Break up the spices, rather than grinding them. You should see recognizable pieces of rosemary, etc. when you are done. Mix the ingredients in a large stock pot. Bring to a boil, reduce heat, and simmer for about two hours. If you are in a pinch for time, you can get by with less time, but the more time you allow, the better flavor you will get. Just before serving, add unpeeled shrimp to the stock pot. Continue to simmer for two to four minutes. The shrimp will be done QUICKLY.

Serve in bowls. Each bowl should contain a number of shrimp and a lot of broth. The broth should almost cover the shrimp.

The dish is eaten with your fingers -- no utensils. Grab a shrimp and peel and eat. Soak up the broth with the bread. Enjoy.
The broth was EXCELLENT -- about just like I remembered from California. But, I definitely made a mistake on the shrimp. Albertson's had a great price on some very large (16 ct.) frozen fresh water shrimp. Hmmm....they weren't that good. I need to find a good local source of shrimp -- maybe gulf shrimp. I don't know if the frozen aspect was an issue, but I guess fresh would be better. I take all of this on me, but the recipe rocks.

As I mentioned, I have plenty of broth, so I am going to make an attempt on some other shrimp and maybe give this a go again this weekend.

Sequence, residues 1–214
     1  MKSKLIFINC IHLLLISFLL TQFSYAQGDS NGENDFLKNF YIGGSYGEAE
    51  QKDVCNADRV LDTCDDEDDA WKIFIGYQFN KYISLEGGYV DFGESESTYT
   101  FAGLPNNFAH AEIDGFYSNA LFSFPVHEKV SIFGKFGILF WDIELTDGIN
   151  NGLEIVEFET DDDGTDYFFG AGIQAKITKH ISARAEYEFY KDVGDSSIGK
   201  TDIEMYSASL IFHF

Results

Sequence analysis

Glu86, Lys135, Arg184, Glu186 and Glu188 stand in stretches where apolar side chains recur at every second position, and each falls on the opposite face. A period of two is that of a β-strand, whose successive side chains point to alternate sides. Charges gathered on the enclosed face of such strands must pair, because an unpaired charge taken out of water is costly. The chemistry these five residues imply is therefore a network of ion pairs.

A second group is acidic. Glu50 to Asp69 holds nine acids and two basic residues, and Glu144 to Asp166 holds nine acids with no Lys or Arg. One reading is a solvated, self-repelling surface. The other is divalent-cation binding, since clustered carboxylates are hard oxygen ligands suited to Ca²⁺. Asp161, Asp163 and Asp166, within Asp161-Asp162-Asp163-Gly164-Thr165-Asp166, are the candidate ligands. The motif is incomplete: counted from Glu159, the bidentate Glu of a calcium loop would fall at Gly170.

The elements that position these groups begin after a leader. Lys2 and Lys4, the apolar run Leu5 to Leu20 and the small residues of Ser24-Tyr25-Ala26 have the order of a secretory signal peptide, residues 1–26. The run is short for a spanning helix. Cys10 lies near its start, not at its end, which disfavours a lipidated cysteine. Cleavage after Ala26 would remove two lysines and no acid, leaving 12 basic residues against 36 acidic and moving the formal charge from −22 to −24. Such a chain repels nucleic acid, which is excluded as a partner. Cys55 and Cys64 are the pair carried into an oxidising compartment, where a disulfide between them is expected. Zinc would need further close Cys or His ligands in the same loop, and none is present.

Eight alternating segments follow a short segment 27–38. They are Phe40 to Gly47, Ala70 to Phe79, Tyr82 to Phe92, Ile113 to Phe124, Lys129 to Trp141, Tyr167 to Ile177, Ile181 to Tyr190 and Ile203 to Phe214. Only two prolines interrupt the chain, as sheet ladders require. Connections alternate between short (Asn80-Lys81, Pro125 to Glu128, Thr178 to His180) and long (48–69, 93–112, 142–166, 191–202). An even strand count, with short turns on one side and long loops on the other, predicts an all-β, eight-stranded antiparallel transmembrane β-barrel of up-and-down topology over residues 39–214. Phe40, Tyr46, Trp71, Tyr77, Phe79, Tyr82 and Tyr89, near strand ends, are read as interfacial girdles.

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07 June 2006

Really Bad Credit Card Offers

I get bad credit card offers in the mail. I mean, I get REALLY bad credit card offers in the mail. I understand that I ruined my credit, and I am making serious inroads towards correcting my mistakes, but I still get bad credit card offers.

I guess I should just shred them -- I am not really looking for another "entry" card. I have three current cards, all with low credit limits and no monthly balances. I have a couple of gas cards, and I primarily use my checking account debit card for almost all of my purchases. Still, I would like to have one of those shiny fancy-pants rewards cards -- just like the ones that I recommend to all of my friends. It kills me to know that every time I make a charge to my debit card that it is not going on my Starwood American Express or my American Airlines Aadvantage MasterCard or my Marriott Rewards Visa. I love my miles and points...and it kills me that there are points, available for the taking, and I just can't get them. Instead, my debit card gets Visa Extra points. To say Visa Extra points are better than nothing might be selling nothing short. After I earn another 10,000 points, I can exchange all of the points in my account for one free night at any Radisson hotel in the United States. You get one point for each dollar spent, so I am about another six months away from a free night at the Radisson! Of course, if I had a Starwood AmEx, with the same amount of points I have in my account right now, I could get about five nights in a room with an approximate room rate of $250-300/night. Of course, the one advantage to the Visa Rewards points is that you can exchange them for other stuff besides hotel rooms or flights. I could trade all of my points right now for a $100 gift card to a number of restaurants (i.e. Olive Garden, TGI Friday's, etc.). Not all that appealing an option. I can almost get a $100 Amazon certificate. Anyway, you get the idea. For the same amount of money spent with a travel rewards card, I could be getting approximately 10-15 TIMES the benefit of what I get with Visa Extras.